Bloody War reviewed in Black Static

Posted: August 21, 2011 by douglasthompson in Reviews

Peter Tennant has reviewed Terry Grimwood’s Bloody War in the latest edition of Black Static, Britain’s leading Horror magazine. Pete writes:

“…Grimwood is bang on the money, with his nebulous Enemies of Democracy,a conflict in which the opponent is always some vague bogeyman used as a pretext by the authorities for greater restrictionson our civil liberties. Equally, there are literary comparisons begging to be made, as for instance with the totalitarian state as portrayed in Orwell’s 1984, but more appositely I feel it brings to mind the work of Philip K. Dick, both in the reality dislocation of the opening chapters, as Pete adjusts to what has gone wrong with his world, and in the ending with its echoes of work like Total Recall and A Scanner Darkly. Grimwood handles this aspect very well, the character’s confusion coming over strongly, the sense of being a stranger in a strange land, victim of a world he never made, with the clues deftly planted. A former biker and reformed criminal, Allman (the name is presumably intended to reference Pete’s status as a representative of all men) is a family man and all round good egg, somebody most readers will be able to identify with, an ordinary guy trying to do right by himself and others, not infallible but willing to own up to his mistakes. We can respect his close relationship with his wife and daughters, the way in which he tries to save his son from being chewed up by the military machine. He is someone who attempts to do the right thing, no matter how difficult that may be and even when he isn’t actually sure what the right thing to do is. Grimwood is equally adept at capturing some of the horror and futility of war, the way in which the civilian population are brainwashed into accepting the unthinkable and pursuing a hateful agenda, with asides on the techniques of the police state…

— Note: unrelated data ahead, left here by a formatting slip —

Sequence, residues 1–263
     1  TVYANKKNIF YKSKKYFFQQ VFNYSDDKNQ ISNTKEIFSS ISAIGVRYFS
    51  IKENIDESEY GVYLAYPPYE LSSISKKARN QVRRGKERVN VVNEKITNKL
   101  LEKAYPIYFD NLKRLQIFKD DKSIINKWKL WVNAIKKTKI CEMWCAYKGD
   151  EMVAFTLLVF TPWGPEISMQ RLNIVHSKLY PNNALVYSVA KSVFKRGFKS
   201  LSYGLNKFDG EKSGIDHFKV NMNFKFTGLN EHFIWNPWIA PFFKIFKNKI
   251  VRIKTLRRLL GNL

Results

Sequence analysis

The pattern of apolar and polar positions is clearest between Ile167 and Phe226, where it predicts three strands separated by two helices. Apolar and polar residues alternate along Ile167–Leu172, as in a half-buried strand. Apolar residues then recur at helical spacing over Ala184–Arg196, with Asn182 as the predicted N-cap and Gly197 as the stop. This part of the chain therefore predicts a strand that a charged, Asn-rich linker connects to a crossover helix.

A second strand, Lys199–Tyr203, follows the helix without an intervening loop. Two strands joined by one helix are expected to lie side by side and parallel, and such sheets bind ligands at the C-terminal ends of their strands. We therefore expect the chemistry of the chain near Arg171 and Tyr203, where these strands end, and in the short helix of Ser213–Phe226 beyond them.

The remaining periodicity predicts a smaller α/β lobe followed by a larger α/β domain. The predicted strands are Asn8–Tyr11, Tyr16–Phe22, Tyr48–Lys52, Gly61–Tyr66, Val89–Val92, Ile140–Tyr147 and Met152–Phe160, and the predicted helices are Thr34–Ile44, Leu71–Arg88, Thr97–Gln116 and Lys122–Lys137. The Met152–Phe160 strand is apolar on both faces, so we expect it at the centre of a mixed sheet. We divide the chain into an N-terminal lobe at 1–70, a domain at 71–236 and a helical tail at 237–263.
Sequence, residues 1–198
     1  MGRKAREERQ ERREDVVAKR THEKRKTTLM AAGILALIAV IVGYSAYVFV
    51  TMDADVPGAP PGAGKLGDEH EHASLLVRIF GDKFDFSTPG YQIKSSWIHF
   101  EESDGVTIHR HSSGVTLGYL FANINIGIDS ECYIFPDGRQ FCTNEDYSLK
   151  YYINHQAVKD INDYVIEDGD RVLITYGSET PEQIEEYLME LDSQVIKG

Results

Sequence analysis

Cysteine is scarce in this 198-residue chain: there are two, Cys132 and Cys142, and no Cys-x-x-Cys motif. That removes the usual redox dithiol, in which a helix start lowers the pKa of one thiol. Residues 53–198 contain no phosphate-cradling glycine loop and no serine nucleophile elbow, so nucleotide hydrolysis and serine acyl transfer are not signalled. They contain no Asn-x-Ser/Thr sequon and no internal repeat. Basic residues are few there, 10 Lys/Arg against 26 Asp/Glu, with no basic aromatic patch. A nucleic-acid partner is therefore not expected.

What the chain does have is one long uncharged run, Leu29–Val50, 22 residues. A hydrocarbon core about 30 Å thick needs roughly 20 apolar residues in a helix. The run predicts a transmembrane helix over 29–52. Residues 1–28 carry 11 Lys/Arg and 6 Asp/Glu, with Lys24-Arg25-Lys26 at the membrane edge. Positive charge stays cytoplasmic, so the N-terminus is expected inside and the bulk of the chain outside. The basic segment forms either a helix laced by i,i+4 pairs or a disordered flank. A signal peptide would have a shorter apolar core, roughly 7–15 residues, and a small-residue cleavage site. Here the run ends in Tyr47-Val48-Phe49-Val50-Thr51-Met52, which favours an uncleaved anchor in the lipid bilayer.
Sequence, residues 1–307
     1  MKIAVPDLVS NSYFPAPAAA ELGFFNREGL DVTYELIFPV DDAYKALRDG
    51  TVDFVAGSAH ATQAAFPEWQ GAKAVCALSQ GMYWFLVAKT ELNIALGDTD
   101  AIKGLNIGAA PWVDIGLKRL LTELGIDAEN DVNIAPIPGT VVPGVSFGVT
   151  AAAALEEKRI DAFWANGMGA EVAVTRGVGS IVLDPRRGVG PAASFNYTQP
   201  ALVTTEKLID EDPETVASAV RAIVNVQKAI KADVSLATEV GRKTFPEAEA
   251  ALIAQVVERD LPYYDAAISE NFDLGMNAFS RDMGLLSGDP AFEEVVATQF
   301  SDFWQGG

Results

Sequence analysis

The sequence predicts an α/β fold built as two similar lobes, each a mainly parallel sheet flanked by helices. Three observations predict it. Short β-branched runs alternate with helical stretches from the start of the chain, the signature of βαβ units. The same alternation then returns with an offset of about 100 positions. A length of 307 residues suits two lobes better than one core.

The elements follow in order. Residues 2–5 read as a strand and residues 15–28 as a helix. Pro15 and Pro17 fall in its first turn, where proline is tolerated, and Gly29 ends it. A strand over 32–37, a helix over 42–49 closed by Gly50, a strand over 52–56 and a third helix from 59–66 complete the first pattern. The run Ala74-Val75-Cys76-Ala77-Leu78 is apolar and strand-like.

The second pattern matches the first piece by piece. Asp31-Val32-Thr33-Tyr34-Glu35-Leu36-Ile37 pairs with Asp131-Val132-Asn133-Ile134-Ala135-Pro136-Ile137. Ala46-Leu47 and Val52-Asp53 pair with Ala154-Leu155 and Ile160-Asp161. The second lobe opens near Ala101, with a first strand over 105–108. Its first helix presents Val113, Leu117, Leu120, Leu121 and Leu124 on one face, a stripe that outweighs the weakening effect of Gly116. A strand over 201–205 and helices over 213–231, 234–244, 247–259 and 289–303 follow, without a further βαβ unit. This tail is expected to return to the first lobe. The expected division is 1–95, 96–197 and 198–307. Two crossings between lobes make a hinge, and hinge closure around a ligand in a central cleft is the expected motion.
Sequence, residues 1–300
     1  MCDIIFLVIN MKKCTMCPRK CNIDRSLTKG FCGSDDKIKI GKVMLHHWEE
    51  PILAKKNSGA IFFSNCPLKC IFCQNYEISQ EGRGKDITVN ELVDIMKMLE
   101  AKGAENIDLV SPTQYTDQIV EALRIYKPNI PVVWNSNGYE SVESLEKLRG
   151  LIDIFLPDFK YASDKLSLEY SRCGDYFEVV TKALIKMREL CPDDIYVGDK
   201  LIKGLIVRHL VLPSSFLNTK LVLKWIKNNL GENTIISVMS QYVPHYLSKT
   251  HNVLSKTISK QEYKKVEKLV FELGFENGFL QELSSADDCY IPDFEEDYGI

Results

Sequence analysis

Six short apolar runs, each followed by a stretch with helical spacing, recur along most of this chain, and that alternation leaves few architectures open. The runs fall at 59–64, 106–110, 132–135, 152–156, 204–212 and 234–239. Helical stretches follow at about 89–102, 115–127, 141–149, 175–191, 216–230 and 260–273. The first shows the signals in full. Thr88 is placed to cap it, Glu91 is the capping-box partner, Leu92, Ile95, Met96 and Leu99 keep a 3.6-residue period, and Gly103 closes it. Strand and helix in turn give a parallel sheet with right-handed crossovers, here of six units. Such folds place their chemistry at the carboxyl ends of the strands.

In conclusion, Bloody War was a potentially excellent dystopian tale, a serious book about serious matters, an engaging and often repellent slice of drama, with a believable protagonist, one whose dilemma is rendered compellingly on the page…”

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